Reflections of Columbus

When I was going to school we celebrated holidays when they occurred, not when they created three-day-weekends.

And one of those holidays was Columbus Day—October 12.

Columbus now affords us an extra day off school, a day when the post office and other government buildings are closed, a day of respite for jurors.

According to the Christian Science Monitor, President Franklin Roosevelt designated Oct. 12 as Columbus Day, and in 1971, President Richard Nixon declared Columbus Day a federal holiday to be observed on the second Monday in October.

How positive or negative was Columbus’s “discovery” of the “New World” depends on your perspective.  To Europe, embroiled for centuries in crusades and inter-kingdom wars, it provided a new game. To the native population of the Americas it was the beginning of the end of their sovereignty and culture.

The Ayn Rand Institute rejects this concept, stating anyone who claims the Westernization process was cruel and oppressive is simply being “politically correct,” and that preserving one’s culture is a sham as a rational goal in life. clocks in with a different rendition of history: ”

As governor and viceroy of the Indies, Columbus imposed iron discipline on what is now the Caribbean country of Dominican Republic, according to documents discovered by Spanish historians in 2005. In response to native unrest and revolt, Columbus ordered the a brutal crackdown in which many natives were killed; in an attempt to deter further rebellion, Columbus ordered their dismembered bodies to be paraded through the streets. In addition to the controversy over enslavement and violent rule, the “Age of Exploration” Columbus led had the additional consequence of bringing new diseases to the New World which would, over time, devastate the native populations of many New World islands and communities.”>>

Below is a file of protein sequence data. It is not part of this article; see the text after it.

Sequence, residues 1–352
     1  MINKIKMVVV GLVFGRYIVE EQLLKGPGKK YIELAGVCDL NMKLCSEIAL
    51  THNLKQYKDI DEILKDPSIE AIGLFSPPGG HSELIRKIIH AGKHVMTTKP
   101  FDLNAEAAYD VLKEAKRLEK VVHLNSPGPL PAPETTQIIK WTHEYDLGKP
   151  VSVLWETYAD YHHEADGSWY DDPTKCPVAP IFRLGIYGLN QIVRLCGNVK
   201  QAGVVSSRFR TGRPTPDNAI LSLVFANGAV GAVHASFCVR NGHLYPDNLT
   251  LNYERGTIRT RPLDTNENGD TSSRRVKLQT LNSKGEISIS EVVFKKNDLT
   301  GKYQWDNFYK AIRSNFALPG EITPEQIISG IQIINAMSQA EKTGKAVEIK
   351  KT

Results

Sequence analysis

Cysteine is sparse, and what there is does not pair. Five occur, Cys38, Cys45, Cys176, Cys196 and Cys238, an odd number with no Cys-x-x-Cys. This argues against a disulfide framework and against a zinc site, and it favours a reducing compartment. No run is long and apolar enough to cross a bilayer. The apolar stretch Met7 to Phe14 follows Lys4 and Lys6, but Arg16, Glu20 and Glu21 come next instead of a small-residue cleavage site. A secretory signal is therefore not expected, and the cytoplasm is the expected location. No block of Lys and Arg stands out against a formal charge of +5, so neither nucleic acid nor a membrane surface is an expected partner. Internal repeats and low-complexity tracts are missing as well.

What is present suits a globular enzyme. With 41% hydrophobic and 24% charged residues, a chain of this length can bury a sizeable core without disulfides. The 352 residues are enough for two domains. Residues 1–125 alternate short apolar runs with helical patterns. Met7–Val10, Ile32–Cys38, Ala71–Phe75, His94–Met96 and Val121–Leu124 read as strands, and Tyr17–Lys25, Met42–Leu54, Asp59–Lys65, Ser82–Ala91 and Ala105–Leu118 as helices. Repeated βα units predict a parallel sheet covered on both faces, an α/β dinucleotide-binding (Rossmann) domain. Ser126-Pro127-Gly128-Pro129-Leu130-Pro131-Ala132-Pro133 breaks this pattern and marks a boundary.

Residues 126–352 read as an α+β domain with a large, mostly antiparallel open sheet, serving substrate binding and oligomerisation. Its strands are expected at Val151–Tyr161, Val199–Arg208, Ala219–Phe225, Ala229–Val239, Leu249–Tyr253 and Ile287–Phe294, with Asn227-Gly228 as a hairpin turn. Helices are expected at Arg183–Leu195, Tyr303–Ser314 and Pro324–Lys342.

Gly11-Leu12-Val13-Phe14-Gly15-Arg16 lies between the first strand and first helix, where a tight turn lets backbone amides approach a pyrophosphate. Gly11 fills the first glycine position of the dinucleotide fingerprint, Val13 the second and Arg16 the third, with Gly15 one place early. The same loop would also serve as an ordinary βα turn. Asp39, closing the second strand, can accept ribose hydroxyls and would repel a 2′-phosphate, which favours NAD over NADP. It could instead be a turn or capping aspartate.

I prefer to look on Columbus Day as a microcosm or what is good and bad about Mankind:

  • The striving for a better way of life–exploration, courage and advancement, but coupled with
  • A shortsighted insular vision of the dynamics of life.

In Scientology we have a concept called “The Eight Dynamics,” Described in this video:

The pitting of one group (one 3rd Dynamic) against all others is irrational, as it intends the destruction of all others who are not a part of that group—a tendency that was all-too-prevalent in the culture of 1492—the same year Queen Isabella outlawed Judaism in Spain.

Far better to embrace a policy that provides for the survival of the greatest number of the dynamics–one in which the cultures, values, futures and prosperity and the coexistence of peoples, no matter their differences, is taken into account.

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